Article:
by Kristen Gray

The eye of haute couture jewelry design originates in France with Chanel, Cartier, Piaget, Reza, and Chaumet representing the top 5 jewelry connoisseurs of all time. Let’s go back in history and explore the founding names that shaped the exclusive looks of today.

Known for their ultra-thin timepiece is none other than Piaget, the Swiss Luxury watchmaker and jeweler. The Altiplano 900P, at 3.65 millimeters is the world’s thinnest hand-wound mechanical watch. Originally, Georges Edouard Piaget manufactured watch movements and pocket watches in the tiny village La Côte-aux-Fées. It was his grandson’s, Gérald and Valentin Piaget who began producing their own line of fine wristwatches in the 20th century. In 1964, they showcased their first watches with dials including precious stones of tiger’s eye, turquoise, and onyx. In 2008, the Luxury Institute named them the 6th most prestigious jewelry brand. Some of the many collections they launched include Dancer, Possession, Tanagra, Limelight, and Miss Protocole. Eventually, they were regrouped into one collection: Black Tie. Piaget also upholds public responsibility by guaranteeing diamonds do not originate from an area of conflict through membership with the Council for Responsible Jewelry Practices and the Kimberley Process Certification Scheme.

Chanel: one of the most revered and well-known names in jewelry and high fashion design alike. Gabrielle Chanel, otherwise known as Coco Chanel, founded her brand in 1909, designing away from the late opulent style for women, favoring a more simple, elegant design. The House of Chanel is most known for the “LBD” (little black dress), the perfume No. 5 de Chanel, and the Chanel Suit. Let’s not forget Chanel’s High Jewellery line, which was founded in 1932. Chanel debuted Bijoux de Diamants at her Faubourg Saint-Honoré, Paris mansion. Its 80th anniversary was celebrated in 2012 with a special collection. Today, the collection includes High Jewellery, Camelia, Comete, Baroque, 1932, Ultra, Bridal, and jewelry watches. Karl Lagerfeld took over as chief designer in 1983, keeping what was signature while updating looks for the modern customer.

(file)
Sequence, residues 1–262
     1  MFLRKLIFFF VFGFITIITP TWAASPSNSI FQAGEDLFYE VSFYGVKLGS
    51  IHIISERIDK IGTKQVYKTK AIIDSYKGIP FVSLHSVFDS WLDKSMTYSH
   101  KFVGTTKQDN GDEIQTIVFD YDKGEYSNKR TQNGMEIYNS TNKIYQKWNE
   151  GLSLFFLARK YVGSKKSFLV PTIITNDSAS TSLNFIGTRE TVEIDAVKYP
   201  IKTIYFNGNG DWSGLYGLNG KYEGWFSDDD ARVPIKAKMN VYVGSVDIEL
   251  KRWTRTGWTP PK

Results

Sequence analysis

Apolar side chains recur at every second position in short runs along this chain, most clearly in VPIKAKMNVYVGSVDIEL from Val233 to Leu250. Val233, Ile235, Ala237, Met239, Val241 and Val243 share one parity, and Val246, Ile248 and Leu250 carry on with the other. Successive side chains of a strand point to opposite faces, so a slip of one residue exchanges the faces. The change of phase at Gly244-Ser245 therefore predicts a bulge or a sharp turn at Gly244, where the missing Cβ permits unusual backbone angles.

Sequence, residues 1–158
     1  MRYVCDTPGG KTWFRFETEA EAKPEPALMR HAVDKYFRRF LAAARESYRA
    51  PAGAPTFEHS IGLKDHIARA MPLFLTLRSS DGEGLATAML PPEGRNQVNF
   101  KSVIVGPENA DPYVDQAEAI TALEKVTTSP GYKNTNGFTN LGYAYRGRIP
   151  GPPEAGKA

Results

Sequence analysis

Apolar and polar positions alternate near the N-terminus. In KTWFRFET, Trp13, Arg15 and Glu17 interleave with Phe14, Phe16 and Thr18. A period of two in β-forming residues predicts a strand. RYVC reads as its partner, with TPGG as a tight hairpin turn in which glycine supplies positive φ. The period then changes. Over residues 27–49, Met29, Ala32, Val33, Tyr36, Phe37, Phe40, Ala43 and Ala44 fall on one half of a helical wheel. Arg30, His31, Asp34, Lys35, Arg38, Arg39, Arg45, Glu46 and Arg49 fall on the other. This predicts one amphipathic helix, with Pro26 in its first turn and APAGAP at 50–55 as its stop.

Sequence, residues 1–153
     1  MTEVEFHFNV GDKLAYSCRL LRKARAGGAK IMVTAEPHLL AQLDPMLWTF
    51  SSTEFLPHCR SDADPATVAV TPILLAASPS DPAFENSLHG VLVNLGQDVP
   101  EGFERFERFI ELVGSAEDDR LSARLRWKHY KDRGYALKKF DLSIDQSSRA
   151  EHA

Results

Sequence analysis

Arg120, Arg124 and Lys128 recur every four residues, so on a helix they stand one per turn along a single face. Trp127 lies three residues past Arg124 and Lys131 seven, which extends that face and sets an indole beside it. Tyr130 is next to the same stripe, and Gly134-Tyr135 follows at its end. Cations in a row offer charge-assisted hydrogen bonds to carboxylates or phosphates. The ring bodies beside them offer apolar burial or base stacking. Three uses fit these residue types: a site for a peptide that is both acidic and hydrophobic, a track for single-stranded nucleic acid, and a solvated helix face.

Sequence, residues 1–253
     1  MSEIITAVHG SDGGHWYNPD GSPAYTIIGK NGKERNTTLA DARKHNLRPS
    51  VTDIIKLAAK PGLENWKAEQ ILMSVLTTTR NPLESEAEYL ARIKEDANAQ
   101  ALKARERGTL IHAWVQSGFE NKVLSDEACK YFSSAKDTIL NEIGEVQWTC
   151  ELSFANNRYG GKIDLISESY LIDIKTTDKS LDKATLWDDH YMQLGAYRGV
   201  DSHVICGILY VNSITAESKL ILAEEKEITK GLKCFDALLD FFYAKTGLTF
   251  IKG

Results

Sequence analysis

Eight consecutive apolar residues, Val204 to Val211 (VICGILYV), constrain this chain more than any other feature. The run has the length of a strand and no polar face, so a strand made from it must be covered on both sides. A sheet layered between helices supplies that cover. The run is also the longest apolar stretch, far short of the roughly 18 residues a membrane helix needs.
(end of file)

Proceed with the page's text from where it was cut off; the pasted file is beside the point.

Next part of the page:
Hailed by King Edward VII of England as the “jeweler of kings and the king of jewelers” due to its steep history of sales to royalty and celebrity, Cartier is another unmistakable name in jewelry design. Cartier, also known as Société Cartier, is prized for its wristwatches and jewelry. Its most esteemed pieces include a Panthère brooch of the 1940s composed of white gold, diamonds, emeralds, and onyx created for socialite Wallis Simpson; the diamond necklace created for Bhupinder Singh the Maharaja of Patiala; and the “Santos” in 1904, which was the first practical wristwatch. In 1907, Cartier celebrated its 150th anniversary of fine jewelry creation with a diamond and emerald necklace in the shape of a serpent. In that same year, the “Cartier 1900-1939” retrospective was held at the British Museum in London and the Metropolitan Museum of Art in New York. Today, Cartier has 10 collections that include watches, leather goods, and accessories with retail locations all around the world.

The Reza Collection is comprised of the most extraordinary gems around the world. Spanning 60 years worth of select gemstones and jewelry, the house includes large natural emeralds, sapphires, pearls, rubies, and last, but never least, diamonds. The Reza family was destined for fame in the jewelry and gemstone world as both sons inherited their father’s passion and keen eye for the subject. In the ‘50s and ‘60s, Alexandre Reza was held the most coveted collection of gemstones and was the primary supplier for big names in the industry such as Catier, Harry Winston, and Bulgari. It was in the 1960s that he himself designed finished jewelry and went on to open his first store in 1985 at the Place Vendome, which was shortly followed by shops in Geneva, Monte Carlo, and Cannes. His collection today is impossible to recreate as it consists of “natural sapphires, over 200 carats of natural stones with homogenous color, a diamond D IF suite totaling over 300 carats, and significant emerald suites with over 100 carats of the purest Columbian emeralds.” Although Oliver Reza had early success as an international banker, he continues his father Alexandre’s legacy by expanding the brand with his own designs. Today he is a Chairman of RezaGem, the family’s French jewelry operation.

The history of Chaumet dates back to 1780 and is closely interwoven with the history of France. Over five centuries, Paris has been celebrated for the magnificence of its jewelers. It was in this tradition that the founder of Chaumet, Marie-Etienne Nitot, distinguished himself in the late 18th century. He wanted to restore France to the place it held as the center of luxury goods and fashion before the 1789 Revolution. As a result, Nitot became his official jeweler. Creator and innovator, Nitot passed on his focus on quality and originality to his successors. After the fall of the Empire, Nitot’s successors devoted themselves to Romantic jewelry inspired by the decorative arts of the Italian Renaissance and of 17th century France. By 1853, Paris had regained its place as the center of the world for luxury and fashion. A propitious atmosphere reigned for the creation of jewelry to be worn by day and by night with sumptuous evening dresses.